Saturday was the blustery gray sort of day that sometimes slams itself right in between a Friday and Sunday of such golden beauty you almost forgive it for being a gloomy slog-fest. Wind gusts that require two hands on the steering wheel. Driving rain. Leaden skies.
All day, all weekend, all week, television and radio across the country had screamed with high-pitched hysteria of coming elections and the certain demise of democracy—a forecast of doom that seems to be shared by all comers, be they blue or red. Social media continued in its unrelenting machinations to twist us all into homegrown enemies with quivering fingers poised to pounce on the phone or the keyboard.
On this wet, gray Saturday I turned it off and went to the funeral of a good man I barely knew.
A man I wish I knew better.
And it was the sort of funeral I wish each of you could experience, no matter your faith or choice to have none, your age, family situation, chosen work, politics, or any other 21st century descriptor we tack on ourselves and each other.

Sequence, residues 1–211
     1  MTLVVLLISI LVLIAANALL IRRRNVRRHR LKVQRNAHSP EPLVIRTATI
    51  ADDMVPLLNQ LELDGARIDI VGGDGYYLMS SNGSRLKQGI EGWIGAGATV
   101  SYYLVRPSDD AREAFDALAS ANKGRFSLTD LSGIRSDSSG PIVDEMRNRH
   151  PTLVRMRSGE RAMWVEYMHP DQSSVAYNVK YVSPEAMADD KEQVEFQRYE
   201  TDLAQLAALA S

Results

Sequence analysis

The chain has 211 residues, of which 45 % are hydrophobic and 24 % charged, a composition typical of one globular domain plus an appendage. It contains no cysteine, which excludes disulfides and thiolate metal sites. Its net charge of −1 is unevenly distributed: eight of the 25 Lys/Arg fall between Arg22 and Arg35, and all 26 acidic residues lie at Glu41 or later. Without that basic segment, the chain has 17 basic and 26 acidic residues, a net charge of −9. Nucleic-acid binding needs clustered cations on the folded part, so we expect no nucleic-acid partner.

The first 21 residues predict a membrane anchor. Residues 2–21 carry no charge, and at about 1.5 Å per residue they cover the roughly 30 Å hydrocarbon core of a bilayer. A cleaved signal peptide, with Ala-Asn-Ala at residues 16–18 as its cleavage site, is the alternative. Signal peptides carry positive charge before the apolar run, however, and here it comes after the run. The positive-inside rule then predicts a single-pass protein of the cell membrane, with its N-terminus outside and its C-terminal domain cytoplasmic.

I first met Grant Minton back in January, a much colder, gloomy gray day, across a spiritless table in a spiritless room. No worries. He brought the spirit with him.
We talked about Hospice of Southern Kentucky, the organization that had brought us together. He was sharp, concise, focused. He crackled with humor, and he never lost sight of what was at the rock bottom foundation of every single thing we were about: our patients and their families.
The traffic accident that caused the injuries that ended up taking his life occurred on his way home at the end of his chaplain’s workday, travelling from a patient’s house to the parsonage he shared with his wife, Tonda, for 27 years at Cumberland Presbyterian Church in Auburn, Kentucky.
Today the church parking lot was full to bursting. I lucked into the very last spot and picked my way in ill-fitting shoes across the puddled pavement, where I was welcomed through a flower-decked door and ushered through the fellowship hall, already warm with the post-funeral meal. I heard the consistent hum of voices, but stopped short at what I found at the top of the stairs.